During the greater part of his life Mr. Field has carried on farming and stock raising.  He has, however, for a short time engaged in operating a sawmill for his father.  When he entered upon his business career he had no capital save a young man's bright hope of the future and a determination to succeed, but he has worked earnestly, and as the result of his untiring labor and perseverance has accumulated a comfortable property.  He now owns a good farm of seventy acres, and in addition his wife has a tract of fifty acres.  This is all rich soil, and the well tilled fields yield to the owner a golden tribute in return for the care and cultivation he bestows upon them.  The improvements upon the place are such as should be found upon a modern farm, and in agricultural pursuits and stock raising Mr. Field has won success.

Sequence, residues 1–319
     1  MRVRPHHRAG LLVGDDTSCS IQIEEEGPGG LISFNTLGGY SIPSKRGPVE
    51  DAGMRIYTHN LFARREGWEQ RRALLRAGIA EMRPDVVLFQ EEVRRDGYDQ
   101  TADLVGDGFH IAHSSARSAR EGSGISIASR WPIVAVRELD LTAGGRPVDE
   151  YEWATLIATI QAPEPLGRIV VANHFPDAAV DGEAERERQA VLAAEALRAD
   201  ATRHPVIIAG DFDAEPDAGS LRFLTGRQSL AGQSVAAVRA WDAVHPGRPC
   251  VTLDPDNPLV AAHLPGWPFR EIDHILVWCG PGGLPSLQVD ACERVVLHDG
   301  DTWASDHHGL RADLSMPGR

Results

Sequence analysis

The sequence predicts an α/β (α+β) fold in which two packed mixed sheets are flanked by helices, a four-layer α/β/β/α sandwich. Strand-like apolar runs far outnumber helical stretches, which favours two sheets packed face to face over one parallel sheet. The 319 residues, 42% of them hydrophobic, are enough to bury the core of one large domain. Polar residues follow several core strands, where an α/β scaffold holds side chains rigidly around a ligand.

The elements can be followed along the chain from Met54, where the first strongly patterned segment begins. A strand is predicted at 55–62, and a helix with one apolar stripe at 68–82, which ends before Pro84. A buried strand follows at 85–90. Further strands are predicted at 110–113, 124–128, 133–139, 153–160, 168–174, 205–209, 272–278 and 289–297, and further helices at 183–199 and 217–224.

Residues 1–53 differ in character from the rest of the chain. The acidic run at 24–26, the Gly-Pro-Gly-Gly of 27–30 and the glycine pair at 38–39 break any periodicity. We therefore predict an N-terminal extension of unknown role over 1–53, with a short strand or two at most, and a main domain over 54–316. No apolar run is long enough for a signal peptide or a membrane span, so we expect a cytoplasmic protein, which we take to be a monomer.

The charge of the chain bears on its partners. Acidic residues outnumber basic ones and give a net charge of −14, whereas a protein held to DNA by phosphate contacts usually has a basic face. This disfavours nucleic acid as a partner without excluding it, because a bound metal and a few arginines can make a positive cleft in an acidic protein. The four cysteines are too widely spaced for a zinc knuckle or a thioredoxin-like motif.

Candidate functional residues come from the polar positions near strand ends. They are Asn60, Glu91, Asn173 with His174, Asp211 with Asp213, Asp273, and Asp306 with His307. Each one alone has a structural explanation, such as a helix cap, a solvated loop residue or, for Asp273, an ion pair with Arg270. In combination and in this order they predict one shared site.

In the fall of 1889 Mr. Field was elected to the office of County Commissioner for the term of three years, and re-elected in the fall of 1892.  Under his management and supervision was built, or rebuilt, the County Infirmary; the Armory at Delaware, Ohio; also the Children's Home of Delaware county.  He has just completed a handsome frame residence, built at a cost of $2,500, modern in every detail, heated by furnace and supplied with other modern conveniences.  He and his wife are members of the Methodist Episcopal Church, and in his political views he is a Republican.  The best interests in the community receive his hearty support and co-operation, and he is therefore numbered among the valued citizens of his township.
~ Page 342 - Memorial Record of the Counties of Delaware, Union and Morrow, Ohio - Illustrated
Publ: Chicago: The Lewis Publishing Company, 1895.